This process slows down the travel of light in glass, but when a photon leaves the glass, it's free to resume at the speed of light. 

In the case of sunlight, the same process slows down the motion of light in the atmosphere. 

We see fantastic sunsets because sunlight loses energy and redshifts its frequency as it moves through the dust and moisture during a sunset.

Seeing The World With Light

Some scientists don’t understand how light reacts with objects to show us things. 

Light has enough energy or frequency to reach the electrons surrounding the surface of matter.  

The electrons absorb the photon energy, and the electrons reemit photons that enter our eyes. Then, we can see the corresponding light as shapes and colors. 

For example, when Light enters a room, trillions of tiny packets of photons land on all the objects and walls in that room. 

When light travels through glass, the same process happens. Photons are absorbed by electrons and remitted as photons until they have moved through the glass. 

At the exit surface of the glass, photons resume in the same direction and energy they had before entering the glass. 

I hope you like my answer that describes why the speed of light is constant in all frames of reference, but the average speed is slower in any medium other than a vacuum.

Is there an easy reason why light has a speed limit?  

Here’s a straightforward answer to why light has a speed limit. 

 The universe began to move into space at the speed of light about 13.8 billion years ago. 

 And it’s still moving at the same speed limit. It can’t expand faster into space than its moving speed. The future doesn’t exist in a location. 

 So, nothing can move forward faster towards the future than the universe's speed limit. 

 That also means nothing can move backward to the past that doesn’t exist.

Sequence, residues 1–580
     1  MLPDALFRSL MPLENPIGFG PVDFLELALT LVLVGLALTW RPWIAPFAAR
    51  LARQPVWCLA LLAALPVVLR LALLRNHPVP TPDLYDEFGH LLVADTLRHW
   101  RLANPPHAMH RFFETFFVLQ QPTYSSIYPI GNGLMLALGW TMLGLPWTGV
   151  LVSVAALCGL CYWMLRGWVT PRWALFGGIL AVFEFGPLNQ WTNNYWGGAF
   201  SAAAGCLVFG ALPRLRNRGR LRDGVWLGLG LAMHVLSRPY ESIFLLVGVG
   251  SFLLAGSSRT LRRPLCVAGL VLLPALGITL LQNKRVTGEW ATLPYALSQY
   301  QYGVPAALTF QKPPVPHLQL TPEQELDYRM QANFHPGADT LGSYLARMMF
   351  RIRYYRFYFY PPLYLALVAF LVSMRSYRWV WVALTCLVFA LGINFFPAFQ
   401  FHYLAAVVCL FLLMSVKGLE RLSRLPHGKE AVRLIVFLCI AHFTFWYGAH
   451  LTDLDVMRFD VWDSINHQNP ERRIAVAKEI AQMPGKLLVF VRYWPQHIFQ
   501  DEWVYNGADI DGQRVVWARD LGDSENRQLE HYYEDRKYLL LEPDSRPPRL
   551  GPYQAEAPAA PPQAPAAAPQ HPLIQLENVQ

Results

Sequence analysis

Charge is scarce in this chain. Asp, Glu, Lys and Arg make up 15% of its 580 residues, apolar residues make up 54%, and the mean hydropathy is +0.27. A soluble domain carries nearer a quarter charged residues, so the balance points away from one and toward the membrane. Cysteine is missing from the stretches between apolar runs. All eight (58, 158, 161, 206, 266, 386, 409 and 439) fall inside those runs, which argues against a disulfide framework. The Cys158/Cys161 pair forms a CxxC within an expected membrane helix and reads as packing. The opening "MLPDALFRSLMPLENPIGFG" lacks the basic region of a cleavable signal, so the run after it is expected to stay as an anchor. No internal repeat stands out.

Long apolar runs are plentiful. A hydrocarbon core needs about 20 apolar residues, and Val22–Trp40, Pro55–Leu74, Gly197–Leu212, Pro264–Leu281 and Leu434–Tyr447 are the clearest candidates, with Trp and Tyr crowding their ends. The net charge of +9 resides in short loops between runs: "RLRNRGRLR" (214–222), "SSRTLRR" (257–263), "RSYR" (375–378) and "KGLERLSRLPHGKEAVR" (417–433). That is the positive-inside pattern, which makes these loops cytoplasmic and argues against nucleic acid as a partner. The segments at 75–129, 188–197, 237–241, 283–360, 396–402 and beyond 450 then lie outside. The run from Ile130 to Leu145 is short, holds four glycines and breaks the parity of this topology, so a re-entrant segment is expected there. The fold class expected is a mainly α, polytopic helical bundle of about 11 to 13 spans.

The only moment in the universe is the present moment that we are experiencing. 

 This simple concept seems challenging to comprehend, but it makes sense and answers your question. 

 Sorry to spoil your plans for time travel, but that's our present knowledge of science.

 Thanks for reading my newsletter that tries to answer your questions. My website has more information and has no advertising or selling of products. 

 At https://lovinthings.com I want to help the public understand science instead of science fiction.

I appreciate all my followers. Take care, and be well. xoxo

 

About the Author Erik Lovin

Erik has a BSc degree and is a retired professional photographer who is now a published author of many books. His passion is understanding how life and the universe work. He is currently blogging about the science of the Big Bang and science in your life. Erik is helping his tribe with questions about the universe. His goal is to help find a theory of everything (TOE). In order to do that, he is trying to prove light has mass and that the fabric of spacetime is a false theory. We are welcoming questions and answers that you might have about the universe.